From a holiday home in Dordogne you enjoy the diverse landscape in the different areas. The department can be divided into four areas in terms of landscape diversity. The north consists of the Périgord Blanc (white) and Périgord Vert (green). White Périgord is characterized by its white stone and limestone soil. Under this limestone plateau are many natural caves with beautiful stalactites and prehistoric drawings. The most famous are the Lascaux caves and these are on the UNESCO World Heritage List. Green Périgord owes its name to the green area, the many rivers and to the beautiful historic landscape with traditional houses.
The south of the Dordogne is consists of the Périgord Noir (black) and the Périgord Pourpre (purple). The Black Périgord is famous for its prehistoric remains in the Dordogne valley and the Vézère valley, its castles, medieval villages and landscapes. Purple Périgord is known for its many vineyards and fortified towns like Beaumont and Monpazier.
The Dordogne River flows from east to through the department of the Dordogne and is ideal for canoeing, kayaking or swimming in delicious. The large part of the department is part of the old province of the Périgord and is therefore still called Périgord by the locals. It has a mild climate with not much wind and has a gourmet kitchen. The foie gras and truffles are world famous. The local dishes, prepared with seasonal products such as chestnuts, walnuts and strawberries are a must.
From your holiday house in the Dordogne, visit the capital of the department: Périgueux. Downtown Périgueux brings you back to the era of the middle Ages. This beautiful city classified “City of Art & History”. It has an exceptional heritage and you can stroll through the medieval streets around the famous cathedral Puy Saint.
The street “Limogeanne” is definitely worth a visit. You will find beautiful buildings and palaces from the Renaissance era. Take a look at the relics of the past of the city, by following the Gallo-Roman route, circling the museum Vesunna. The Museum of Perigord is known as one of the most important museums of prehistory times in France. Treasures and works of art from that time are on display.
The castle of Beynac is built on a gigantic rock peak in the town of Beynac-et-Cazenac. The castle served as a filming location for the movie "The Messenger: The Story of Joan of Arc." In 1999. The Castle of l'Herm can be found in the village of Rouffignac-st-Cernin-de-Reilhac on an unexpected beautiful site. The castle has exciting history stories, often ending in the death of someone. So many actually, that the ruins have the reputation of a haunted castle.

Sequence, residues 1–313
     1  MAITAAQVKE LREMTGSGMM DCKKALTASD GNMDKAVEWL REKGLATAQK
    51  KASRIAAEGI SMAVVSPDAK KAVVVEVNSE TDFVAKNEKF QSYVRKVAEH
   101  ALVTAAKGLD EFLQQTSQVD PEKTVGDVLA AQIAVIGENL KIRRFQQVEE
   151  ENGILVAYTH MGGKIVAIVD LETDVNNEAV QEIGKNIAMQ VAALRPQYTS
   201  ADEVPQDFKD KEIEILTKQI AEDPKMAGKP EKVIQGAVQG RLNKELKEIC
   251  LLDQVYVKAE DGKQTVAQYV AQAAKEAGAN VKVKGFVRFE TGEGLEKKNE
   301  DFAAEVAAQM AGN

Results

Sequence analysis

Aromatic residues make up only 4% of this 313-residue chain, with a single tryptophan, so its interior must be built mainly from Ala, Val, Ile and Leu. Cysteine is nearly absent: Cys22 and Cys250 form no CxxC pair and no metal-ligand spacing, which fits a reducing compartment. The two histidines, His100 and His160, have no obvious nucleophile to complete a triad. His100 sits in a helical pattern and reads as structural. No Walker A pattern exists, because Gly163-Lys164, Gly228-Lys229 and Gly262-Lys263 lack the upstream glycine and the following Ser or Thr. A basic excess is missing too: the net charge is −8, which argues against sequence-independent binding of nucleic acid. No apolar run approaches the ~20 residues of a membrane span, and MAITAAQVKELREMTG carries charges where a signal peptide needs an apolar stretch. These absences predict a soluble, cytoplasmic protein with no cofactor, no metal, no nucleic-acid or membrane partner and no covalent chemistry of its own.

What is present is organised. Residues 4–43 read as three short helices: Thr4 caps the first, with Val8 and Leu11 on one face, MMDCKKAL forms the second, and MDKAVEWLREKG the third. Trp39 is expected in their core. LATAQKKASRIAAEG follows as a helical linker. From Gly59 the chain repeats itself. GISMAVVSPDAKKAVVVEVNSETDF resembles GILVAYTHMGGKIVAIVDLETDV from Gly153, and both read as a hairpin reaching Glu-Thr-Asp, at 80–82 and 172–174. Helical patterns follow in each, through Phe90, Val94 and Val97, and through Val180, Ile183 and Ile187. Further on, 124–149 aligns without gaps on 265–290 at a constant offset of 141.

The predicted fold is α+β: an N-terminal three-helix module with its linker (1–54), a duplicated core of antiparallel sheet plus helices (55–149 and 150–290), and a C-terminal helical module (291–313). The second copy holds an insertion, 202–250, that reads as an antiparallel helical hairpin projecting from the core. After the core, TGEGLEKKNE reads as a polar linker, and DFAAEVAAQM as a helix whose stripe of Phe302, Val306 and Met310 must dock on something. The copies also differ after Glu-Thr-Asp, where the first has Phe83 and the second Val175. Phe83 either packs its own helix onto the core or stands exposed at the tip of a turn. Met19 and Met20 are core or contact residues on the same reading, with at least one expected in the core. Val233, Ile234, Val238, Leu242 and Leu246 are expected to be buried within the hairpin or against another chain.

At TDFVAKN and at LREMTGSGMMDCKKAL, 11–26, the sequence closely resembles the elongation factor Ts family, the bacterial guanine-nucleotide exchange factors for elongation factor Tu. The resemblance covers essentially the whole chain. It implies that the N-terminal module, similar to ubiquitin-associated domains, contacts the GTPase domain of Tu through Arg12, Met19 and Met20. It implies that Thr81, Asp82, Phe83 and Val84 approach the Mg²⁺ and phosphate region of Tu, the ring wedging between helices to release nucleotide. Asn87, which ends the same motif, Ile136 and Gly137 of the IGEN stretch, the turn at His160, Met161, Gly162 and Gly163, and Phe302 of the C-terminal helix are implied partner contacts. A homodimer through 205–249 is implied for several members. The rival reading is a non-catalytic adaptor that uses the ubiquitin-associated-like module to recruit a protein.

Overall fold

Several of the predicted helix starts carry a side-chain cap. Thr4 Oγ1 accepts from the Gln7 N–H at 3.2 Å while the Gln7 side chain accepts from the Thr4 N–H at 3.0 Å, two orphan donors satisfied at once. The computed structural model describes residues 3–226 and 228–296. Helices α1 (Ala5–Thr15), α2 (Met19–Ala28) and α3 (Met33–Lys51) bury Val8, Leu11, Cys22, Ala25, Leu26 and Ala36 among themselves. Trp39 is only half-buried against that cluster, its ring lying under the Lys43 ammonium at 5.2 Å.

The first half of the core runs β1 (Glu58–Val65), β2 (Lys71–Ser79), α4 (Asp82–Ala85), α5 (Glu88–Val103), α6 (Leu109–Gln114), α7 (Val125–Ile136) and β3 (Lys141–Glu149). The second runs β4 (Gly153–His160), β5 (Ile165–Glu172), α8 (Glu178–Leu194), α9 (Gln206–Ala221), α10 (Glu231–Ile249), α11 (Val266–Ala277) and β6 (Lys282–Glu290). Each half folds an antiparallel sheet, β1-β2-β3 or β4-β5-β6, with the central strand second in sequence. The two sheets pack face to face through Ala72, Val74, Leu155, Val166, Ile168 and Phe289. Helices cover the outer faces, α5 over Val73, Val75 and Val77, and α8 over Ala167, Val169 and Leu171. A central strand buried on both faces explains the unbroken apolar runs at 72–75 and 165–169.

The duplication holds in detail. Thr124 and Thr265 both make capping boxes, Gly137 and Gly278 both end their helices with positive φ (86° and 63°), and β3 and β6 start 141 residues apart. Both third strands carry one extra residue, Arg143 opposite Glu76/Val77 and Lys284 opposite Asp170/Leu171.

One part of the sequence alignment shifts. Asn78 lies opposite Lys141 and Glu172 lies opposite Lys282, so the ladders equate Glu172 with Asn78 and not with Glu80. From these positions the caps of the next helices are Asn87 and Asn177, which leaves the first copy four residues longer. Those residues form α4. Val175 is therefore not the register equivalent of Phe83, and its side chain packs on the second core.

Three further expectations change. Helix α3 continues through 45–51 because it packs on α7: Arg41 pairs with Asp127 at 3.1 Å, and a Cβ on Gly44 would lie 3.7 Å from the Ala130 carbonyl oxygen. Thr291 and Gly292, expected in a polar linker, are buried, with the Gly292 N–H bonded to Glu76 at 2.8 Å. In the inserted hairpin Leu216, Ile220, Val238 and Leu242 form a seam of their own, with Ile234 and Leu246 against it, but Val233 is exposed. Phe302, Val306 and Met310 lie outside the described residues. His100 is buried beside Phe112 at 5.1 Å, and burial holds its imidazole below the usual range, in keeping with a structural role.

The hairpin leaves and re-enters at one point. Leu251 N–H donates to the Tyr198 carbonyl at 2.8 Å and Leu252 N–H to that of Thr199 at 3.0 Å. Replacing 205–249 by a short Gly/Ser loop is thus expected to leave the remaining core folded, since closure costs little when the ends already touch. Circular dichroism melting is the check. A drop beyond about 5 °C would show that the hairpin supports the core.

During your well-deserved holiday in the Dordogne, do visit the beautiful city of Bergerac. Located on the banks of the Dordogne, this charming town dating from the Renaissance and is a maze of streets and alleys. The Église Notre-Dame and the Église St. Jacques are situated in the pedestrianized centre of Bergerac, as are the tobacco museum, wine museum and the castle of Monbazillac. Near the city are magnificent castles and abbeys. In the hilly landscape there are numerous vineyards, producing excellent wines. 13 AOC wines are locally produced, like Monbazillac, Saussignac, Pécharmant, characterful red wines, fruity rosé wines and fresh white wines; the offer is impressive. Take a walk through the vineyards, guided by the passionate stories of the winemakers, who will be pleased to introduce you to all the flavours and aromas.
A visit to the medieval Sarlat-la-Canéda is a must if you are on holiday in the Dordogne. The city is over 1200 years old, and many buildings from that time have been preserved. The city was completely renovated in 1964 and is considered the jewel of the Périgord. Every Saturday at the Place du Marché aux Oies (Goose square) you can visit the market where typical products are sold. Sarlat is the main square with the cathedral of St. Sacerdos, City Hall and the Maison de la Boétie are worth a visit. Every year in January, a weekend in the town of Sarlat is dominated by the “black truffle of Périgord” festival. This popular event include cooking demonstrations, tastings, culinary shows and a truffle market.
Less known, but certainly worth a visit, is the old town of Brantôme. The steeple of the Brantôme abbey church dates from around the tenth century and is the oldest bell tower in France. The most mysterious and very impressive cave is definitely the Cave of the Last Judgement. Its location on a peninsula in the river Dronne completes the picture.